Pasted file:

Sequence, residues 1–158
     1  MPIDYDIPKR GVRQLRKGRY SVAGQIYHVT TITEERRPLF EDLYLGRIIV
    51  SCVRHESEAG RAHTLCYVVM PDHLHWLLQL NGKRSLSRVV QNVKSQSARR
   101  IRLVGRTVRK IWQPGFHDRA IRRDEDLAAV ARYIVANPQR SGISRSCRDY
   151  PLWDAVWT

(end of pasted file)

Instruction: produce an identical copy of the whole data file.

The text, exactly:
Sequence, residues 1–158
     1  MPIDYDIPKR GVRQLRKGRY SVAGQIYHVT TITEERRPLF EDLYLGRIIV
    51  SCVRHESEAG RAHTLCYVVM PDHLHWLLQL NGKRSLSRVV QNVKSQSARR
   101  IRLVGRTVRK IWQPGFHDRA IRRDEDLAAV ARYIVANPQR SGISRSCRDY
   151  PLWDAVWT